Of the group, Carpenter said FactSet seems the most likely candidate to be acquired next. Dan Connell, managing director for market structure and technology at Greenwich Associates, came to a similar conclusion.
“If someone said to me, who would be the most likely, then [FactSet] would come to mind,” Connell told Business Insider. “Just because of the public nature of the organization, the standalone nature of the organization, and the fact that it has been such a high-quality business.”
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A spokesperson for FactSet declined to comment.
In many ways, what makes FactSet such a viable option is a process of elimination. Bloomberg is privately held and seems unlikely to be sold anytime soon. S&P Global, while public, is also a stretch due to its potential price tag. The company had a market cap of nearly $60 billion as of Tuesday. Meanwhile, FactSet, which is also public, had a market cap of about $10.6 billion.
As for Morningstar, it’s the smallest of the group with a market cap around $6.5 billion but more of a niche player, as its focus sits more with mutual funds as opposed to broader financial data, according to Carpenter.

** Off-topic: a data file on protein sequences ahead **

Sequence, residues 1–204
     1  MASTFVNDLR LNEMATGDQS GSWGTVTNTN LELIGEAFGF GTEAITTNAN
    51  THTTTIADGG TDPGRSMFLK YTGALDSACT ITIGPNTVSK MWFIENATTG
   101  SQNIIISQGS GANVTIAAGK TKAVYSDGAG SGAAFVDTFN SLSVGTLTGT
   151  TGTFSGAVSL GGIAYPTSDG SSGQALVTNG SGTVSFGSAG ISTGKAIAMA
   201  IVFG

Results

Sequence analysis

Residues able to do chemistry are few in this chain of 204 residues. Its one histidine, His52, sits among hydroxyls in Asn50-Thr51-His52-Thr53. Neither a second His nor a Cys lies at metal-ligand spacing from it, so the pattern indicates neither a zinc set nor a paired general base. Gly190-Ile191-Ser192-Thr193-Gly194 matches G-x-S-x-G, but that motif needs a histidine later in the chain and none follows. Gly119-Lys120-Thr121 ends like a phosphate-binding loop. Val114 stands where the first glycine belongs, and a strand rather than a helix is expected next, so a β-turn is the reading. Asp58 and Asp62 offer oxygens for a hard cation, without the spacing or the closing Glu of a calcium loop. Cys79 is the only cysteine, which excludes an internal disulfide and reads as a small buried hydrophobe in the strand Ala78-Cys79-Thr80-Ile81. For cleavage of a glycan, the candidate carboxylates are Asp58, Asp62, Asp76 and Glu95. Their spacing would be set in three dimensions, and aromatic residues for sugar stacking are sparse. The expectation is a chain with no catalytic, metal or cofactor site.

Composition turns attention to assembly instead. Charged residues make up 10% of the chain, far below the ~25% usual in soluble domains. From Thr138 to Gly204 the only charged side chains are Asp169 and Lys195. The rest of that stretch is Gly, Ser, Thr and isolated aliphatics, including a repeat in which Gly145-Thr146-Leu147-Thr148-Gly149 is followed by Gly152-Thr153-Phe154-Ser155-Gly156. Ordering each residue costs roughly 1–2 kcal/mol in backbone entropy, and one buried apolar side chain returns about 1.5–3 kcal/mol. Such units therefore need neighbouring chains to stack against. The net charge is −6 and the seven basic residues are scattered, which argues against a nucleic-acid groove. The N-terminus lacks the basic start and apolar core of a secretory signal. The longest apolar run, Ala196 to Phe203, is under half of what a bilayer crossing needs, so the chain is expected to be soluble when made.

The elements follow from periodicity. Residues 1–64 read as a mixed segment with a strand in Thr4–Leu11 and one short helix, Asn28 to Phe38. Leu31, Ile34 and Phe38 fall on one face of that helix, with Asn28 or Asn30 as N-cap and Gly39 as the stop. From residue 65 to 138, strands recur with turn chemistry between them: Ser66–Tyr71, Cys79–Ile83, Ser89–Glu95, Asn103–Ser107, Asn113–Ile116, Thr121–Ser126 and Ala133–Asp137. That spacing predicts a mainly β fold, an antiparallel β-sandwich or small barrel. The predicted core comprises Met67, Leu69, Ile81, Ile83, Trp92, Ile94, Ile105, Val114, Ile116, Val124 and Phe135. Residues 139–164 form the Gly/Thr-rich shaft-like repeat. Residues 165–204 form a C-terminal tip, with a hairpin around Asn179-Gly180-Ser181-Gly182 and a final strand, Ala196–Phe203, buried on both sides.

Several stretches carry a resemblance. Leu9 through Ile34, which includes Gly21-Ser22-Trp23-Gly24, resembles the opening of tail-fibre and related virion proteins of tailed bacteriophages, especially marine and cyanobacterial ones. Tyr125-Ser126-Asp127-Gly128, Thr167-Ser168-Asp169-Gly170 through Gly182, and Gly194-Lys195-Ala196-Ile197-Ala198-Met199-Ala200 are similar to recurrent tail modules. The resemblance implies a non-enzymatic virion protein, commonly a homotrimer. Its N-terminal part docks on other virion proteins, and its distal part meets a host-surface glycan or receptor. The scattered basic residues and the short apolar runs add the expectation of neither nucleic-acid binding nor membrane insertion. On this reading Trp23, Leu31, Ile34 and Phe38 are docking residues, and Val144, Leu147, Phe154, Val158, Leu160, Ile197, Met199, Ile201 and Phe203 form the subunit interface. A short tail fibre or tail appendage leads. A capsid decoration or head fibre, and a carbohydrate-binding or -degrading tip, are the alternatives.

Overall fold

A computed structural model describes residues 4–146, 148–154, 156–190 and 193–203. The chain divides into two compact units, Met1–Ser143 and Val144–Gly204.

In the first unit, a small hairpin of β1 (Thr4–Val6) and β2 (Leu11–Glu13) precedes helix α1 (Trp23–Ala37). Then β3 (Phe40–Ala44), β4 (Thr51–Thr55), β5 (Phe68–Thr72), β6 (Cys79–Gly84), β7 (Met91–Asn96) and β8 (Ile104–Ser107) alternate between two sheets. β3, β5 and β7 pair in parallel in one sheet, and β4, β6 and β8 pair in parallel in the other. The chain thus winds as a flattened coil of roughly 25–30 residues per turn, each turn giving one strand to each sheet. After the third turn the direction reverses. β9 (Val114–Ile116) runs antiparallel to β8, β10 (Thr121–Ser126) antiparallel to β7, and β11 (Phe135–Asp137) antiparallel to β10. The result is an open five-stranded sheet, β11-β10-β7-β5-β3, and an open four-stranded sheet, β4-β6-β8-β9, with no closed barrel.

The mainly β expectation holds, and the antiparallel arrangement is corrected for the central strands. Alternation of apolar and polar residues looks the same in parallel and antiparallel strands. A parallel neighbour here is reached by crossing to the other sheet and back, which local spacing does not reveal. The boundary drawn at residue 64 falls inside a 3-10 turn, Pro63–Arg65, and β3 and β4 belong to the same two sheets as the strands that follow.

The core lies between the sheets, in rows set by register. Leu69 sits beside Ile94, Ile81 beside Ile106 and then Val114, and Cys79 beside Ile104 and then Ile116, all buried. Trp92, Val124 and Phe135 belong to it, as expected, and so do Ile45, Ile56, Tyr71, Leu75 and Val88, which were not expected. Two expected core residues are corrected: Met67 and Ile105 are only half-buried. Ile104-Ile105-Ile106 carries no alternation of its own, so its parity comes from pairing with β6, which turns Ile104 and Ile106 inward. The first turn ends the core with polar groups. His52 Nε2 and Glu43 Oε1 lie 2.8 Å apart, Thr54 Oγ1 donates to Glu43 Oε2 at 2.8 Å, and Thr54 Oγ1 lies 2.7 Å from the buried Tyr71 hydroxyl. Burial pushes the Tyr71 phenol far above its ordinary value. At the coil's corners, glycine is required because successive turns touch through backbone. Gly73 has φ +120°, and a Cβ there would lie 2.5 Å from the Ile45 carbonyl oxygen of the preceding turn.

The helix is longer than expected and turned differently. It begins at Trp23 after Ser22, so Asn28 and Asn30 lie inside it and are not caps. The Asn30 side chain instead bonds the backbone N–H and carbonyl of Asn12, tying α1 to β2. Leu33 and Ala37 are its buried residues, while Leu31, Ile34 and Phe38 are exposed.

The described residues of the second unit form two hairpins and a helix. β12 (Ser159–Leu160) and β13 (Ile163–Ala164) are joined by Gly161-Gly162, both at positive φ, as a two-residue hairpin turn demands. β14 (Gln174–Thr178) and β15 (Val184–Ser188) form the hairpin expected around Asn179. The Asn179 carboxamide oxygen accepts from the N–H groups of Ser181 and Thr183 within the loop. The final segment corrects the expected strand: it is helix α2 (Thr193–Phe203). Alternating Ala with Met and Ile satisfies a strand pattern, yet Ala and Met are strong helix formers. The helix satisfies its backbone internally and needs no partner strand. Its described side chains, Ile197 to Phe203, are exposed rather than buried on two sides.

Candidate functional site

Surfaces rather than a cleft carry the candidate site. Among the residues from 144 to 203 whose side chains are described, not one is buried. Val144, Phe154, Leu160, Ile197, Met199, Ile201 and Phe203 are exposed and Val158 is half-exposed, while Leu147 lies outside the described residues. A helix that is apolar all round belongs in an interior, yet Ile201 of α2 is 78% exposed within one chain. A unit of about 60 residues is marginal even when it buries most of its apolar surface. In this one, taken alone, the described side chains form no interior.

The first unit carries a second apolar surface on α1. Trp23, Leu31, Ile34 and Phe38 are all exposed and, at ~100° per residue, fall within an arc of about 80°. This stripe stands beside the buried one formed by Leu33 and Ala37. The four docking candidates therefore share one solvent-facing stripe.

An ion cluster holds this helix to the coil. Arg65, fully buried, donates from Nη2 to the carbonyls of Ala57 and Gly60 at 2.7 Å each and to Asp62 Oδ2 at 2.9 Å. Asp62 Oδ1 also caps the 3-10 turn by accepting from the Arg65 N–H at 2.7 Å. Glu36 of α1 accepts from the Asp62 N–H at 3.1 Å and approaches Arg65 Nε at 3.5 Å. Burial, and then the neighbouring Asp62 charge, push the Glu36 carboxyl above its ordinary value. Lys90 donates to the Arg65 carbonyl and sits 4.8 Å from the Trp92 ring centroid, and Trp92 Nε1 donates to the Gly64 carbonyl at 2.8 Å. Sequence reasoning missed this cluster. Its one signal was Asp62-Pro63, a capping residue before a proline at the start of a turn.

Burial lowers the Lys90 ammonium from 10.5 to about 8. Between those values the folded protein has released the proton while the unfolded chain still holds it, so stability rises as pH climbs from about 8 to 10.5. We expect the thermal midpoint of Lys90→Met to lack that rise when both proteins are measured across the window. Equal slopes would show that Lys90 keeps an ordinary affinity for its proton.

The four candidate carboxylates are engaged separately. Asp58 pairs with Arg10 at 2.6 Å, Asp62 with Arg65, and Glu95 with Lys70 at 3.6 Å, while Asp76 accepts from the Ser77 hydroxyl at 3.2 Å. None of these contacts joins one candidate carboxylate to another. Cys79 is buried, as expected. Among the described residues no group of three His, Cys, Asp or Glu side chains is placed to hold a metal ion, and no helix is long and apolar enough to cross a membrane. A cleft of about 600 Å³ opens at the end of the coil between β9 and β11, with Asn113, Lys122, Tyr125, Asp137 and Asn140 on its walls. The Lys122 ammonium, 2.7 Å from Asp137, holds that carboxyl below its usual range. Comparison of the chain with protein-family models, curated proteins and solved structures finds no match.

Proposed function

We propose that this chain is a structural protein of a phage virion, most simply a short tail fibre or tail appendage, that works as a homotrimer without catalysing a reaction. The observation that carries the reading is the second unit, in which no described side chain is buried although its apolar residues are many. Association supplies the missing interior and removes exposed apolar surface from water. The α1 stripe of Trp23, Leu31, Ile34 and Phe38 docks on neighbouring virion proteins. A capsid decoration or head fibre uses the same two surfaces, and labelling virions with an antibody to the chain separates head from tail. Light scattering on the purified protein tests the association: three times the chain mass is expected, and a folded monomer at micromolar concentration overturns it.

That’s not to say FactSet’s only value is due to its availability. Carpenter pointed to its Open:FactSet Marketplace, which is part of the company’s push into focusing more on APIs. With Wall Street’s increased use of data, APIs have taken center stage as they help facilitate the process of tapping into various feeds.
That type of work would make the company a good fit at most exchanges, potentially allowing it to merge easier than some of the larger providers.
“FactSet is probably the most innovative,” Carpenter said. “They are doing things that I think would catch the eye of an exchange and be pretty complimentary.”
Octavio Marenzi, CEO of consultancy Opimas, told Business Insider another benefit FactSet brings is its expertise in analytical tools that could prove useful for exchanges.
“I think FactSet would be a perfect candidate for an exchange to acquire … The exchanges provide a lot of the raw, underlying data. What makes sense to do is provide sort of value-added services on top of that data,” Marenzi said. “That is sort of moving up the food chain.”